Identifying the warning signs – Eating disorders


This psychological disorder is often known as “the secretive illness”, because of how people do anything to hide what they are doing.  This disorder is also close to me, as my half-sister once fought one of these eating disorders, and the sad thing is when she came to visit myself and my partner in Gauteng, she would always go straight to the bathroom after eating.  We always felt something wasn’t right but we ignored it because she would always come up with a ‘valid excuse’; but we ignore the warning signs.  Things like going straight to the bathroom after eating and her playing music loudly on her phone, should have triggered a concern – she was clearly drowning out the sounds of her vomiting.

My sister, eventually came right and I am proud to say today, that she is healthy and a stunning girl.  When I had my nervous break-down, she was the one who kept messaging me and calling me every day as she understood exactly what I was going through psychologically.

Needless to say, todays blog is to help family and friends identify a loved one who potentially may be suffering with an easting disorder.  So I am asking you to read this one carefully, because as I said this is the “secretive illness” and can mistakenly be over-looked.

Eating disorders are characterized by obsessive concerns with weight and disruptive eating patterns that negatively impact physical and mental health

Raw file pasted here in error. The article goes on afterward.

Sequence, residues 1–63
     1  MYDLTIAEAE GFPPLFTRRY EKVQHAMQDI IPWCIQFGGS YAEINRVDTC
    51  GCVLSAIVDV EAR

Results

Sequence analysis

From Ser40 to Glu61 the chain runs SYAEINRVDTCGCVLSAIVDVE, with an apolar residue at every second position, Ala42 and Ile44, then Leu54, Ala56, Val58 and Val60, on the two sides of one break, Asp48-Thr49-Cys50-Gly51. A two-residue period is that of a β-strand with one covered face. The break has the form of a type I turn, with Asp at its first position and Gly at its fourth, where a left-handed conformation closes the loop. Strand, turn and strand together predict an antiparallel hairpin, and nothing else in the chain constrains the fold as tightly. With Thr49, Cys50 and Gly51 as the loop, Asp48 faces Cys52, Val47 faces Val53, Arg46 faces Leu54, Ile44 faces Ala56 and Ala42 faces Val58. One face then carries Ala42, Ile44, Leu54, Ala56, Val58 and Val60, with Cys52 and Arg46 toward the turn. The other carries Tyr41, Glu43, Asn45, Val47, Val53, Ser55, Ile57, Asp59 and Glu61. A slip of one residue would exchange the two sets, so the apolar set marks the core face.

So what are the different types of eating disorders?

  • Anorexia Nervosais characterized by restricted food consumption that leads to weight loss and a very low body weight. Those who experience this disorder also have a preoccupation and fear of gaining weight as well as a distorted view of their own appearance and behaviour.


  • Bulimia nervosainvolves binging and then taking extreme steps to compensate for these binges. These compensatory behaviours might include self-induced vomiting, the abuse of laxatives or diuretics, and excessive exercise.


  • Rumination disorder is marked by regurgitating previously chewed or swallowed food in order to either spit it out or re-swallow it. Most of those affected by this disorder are children or adults who also have a developmental delay or intellectual disability. Additional problems that can result from this behaviour include dental decay, esophageal ulcers (a type of peptic ulcer), and malnutrition.


  • Pica involves craving and consuming non-food substances such as dirt, paint, or soap. The disorder most commonly affects children and those with developmental disabilities.


  • Binge-eating disorder involves episodes of binge eating where the individual consumes an unusually large amount of food, over the course of a couple hours. Not only do people overeat, however, they also feel as if they have no control over their eating. Binge eating episodes are sometimes triggered by certain emotions such as feeling happy or anxious, by boredom or following stressful events.


How you can help a friend you suspect may have an eating disorder?

  • Don’t fight with them about food. Often, those who suffer from anorexia or bulimia feel that the only thing they have control over is their bodies and their food intake. When you get into a power struggle about food, your loved one may feel threatened.
  • Learn more details about the different eating disorders. Education is key to understanding how someone with an eating disorder may feel and why they are acting the way they are.
  • Never throw the “guilt card” at them. An individual feeling guilty will most likely never be motivate to recovery.
  • Encourage them to get professional help – especially if they are in immediate physical danger.
  • Talk about issues other than food. People with eating disorders constantly think about food. Changing the subject may help.


If you or a loved one need help, contact the Eating Disorders South Africa on 012 993 1060

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